Dow 20,000 is a big deal to retail investors, who will continue to buy into the market after the blue-chips index hits the milestone, investing expert Rob Morgan told CNBC on Tuesday.
"So many retail investors have had huge amounts of cash on the sidelines, really for years now, and I think it is drawing them in," the chief investment officer for Sethi Financial Group said in an interview with CNBC's "Closing Bell."
Keith Bliss, senior vice president at Cuttone & Company, agrees that people are optimistic thanks to the promise of tax reform and deregulation when President-elect Donald Trump takes office.
"People are primed to do business. They can't wait for 2017 to get started," he told "Closing Bell."
He believes fundamental factors, as well as seasonal pressures to the upside, will push the Dow above 20,000, likely in Wednesday's session.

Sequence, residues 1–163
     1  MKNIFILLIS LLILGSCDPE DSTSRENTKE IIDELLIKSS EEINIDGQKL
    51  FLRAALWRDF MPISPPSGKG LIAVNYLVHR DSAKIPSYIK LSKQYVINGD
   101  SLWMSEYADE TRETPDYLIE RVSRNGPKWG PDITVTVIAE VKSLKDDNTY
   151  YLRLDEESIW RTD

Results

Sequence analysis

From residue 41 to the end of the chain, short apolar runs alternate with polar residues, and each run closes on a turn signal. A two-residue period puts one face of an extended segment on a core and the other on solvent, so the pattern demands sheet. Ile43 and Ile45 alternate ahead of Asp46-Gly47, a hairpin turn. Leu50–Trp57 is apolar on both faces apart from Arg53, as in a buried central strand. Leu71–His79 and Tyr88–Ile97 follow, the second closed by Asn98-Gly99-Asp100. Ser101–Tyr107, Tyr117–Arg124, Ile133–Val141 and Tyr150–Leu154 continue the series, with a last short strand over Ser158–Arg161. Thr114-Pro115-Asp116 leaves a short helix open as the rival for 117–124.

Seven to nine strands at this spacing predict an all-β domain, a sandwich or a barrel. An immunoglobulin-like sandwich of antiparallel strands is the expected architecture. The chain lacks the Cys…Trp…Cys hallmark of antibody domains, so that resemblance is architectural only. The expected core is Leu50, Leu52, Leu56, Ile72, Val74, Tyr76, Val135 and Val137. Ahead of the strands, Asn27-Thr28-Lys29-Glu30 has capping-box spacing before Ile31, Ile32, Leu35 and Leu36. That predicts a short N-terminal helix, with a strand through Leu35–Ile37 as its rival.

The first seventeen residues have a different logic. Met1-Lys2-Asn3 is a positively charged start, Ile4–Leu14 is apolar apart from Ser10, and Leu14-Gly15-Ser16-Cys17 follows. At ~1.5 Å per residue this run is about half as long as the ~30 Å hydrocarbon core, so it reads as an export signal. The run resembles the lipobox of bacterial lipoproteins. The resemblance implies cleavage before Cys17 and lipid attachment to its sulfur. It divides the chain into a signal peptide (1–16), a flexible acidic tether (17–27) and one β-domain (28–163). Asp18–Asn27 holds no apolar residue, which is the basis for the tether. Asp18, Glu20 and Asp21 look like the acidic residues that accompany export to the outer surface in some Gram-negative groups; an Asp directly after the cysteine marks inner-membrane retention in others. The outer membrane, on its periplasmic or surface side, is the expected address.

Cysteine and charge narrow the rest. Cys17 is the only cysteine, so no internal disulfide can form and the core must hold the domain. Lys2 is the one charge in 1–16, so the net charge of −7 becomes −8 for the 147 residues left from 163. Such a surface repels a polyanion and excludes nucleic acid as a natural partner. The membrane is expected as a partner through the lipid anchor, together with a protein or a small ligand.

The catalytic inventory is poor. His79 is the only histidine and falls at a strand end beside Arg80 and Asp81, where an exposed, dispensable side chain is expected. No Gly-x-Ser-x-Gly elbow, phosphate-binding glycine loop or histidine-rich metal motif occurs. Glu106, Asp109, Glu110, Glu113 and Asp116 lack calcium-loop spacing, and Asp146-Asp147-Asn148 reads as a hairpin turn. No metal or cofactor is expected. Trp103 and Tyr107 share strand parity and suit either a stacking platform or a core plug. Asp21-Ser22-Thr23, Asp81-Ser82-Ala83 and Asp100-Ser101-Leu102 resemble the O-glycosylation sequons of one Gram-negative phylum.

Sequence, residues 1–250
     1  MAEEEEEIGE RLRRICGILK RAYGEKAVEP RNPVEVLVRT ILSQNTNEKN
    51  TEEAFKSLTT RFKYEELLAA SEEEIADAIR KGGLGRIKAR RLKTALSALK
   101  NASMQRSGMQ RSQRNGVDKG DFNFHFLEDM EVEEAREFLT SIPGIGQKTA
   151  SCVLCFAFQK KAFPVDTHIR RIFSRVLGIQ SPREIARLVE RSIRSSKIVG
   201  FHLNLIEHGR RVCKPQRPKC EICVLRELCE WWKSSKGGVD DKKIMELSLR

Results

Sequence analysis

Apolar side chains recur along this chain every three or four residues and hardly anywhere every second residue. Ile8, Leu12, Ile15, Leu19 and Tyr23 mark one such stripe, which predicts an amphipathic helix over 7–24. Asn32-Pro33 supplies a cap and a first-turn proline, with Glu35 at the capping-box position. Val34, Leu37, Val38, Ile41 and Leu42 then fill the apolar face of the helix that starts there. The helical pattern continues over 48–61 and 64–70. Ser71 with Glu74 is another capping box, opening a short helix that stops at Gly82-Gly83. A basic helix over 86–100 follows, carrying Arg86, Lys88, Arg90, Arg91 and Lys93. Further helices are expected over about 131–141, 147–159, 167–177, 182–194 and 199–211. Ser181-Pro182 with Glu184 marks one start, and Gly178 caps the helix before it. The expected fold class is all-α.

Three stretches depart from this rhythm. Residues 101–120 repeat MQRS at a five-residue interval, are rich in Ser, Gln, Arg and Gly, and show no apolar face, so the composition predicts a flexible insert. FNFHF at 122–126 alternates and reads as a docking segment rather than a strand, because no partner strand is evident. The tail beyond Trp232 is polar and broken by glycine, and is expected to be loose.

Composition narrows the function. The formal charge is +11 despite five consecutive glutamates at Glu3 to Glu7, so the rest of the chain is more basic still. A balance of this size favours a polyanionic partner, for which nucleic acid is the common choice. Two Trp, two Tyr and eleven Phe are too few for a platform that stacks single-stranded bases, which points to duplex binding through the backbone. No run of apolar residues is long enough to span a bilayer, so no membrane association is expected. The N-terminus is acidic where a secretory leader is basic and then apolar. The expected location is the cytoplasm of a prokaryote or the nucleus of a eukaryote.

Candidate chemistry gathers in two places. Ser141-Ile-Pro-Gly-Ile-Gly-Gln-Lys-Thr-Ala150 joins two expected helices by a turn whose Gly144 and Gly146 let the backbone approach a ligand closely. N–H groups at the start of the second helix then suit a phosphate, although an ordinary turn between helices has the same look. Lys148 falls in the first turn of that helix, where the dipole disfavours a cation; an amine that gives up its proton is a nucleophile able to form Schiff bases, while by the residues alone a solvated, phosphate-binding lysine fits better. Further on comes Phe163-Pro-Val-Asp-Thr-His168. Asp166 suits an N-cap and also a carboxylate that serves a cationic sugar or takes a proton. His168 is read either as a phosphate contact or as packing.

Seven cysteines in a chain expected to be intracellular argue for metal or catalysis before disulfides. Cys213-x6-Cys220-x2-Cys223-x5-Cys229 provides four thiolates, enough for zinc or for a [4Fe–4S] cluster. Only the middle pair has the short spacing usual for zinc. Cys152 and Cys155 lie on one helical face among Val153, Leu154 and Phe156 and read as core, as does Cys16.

For those looking for a place to put money to work, Morgan would focus on small-cap stocks, which should be helped by rising interest rates and a stronger dollar. He specifically likes financials, materials, telecom and technology.
David Nelson, chief strategist at Belpointe Asset Management, also likes financials and suggests for those who have completely missed the rally to find a way to scale in at some point.
"You roll back a lot of regulatory overreach that we've had over the last eight years, this sector looks very attractive," he told "Closing Bell."
However, he would completely avoid consumer staples.
As for the Dow being within reach of 20,000, Nelson said he's excited about it.
"It increases the animal spirits. It's an important event. It kind of marks how far we've come," he said.
For David Lebovitz, global market strategist at JPMorgan, Dow 20,000 is halfway to 40,000.
"Over the long run, stock prices rise," he said. "As a long-term investor, you need to look through some of this noise and focus on the fundamentals for the long run."
He told "Closing Bell" he likes financials, but said utilities, telecom and consumer staples will all come under pressure from rising rates.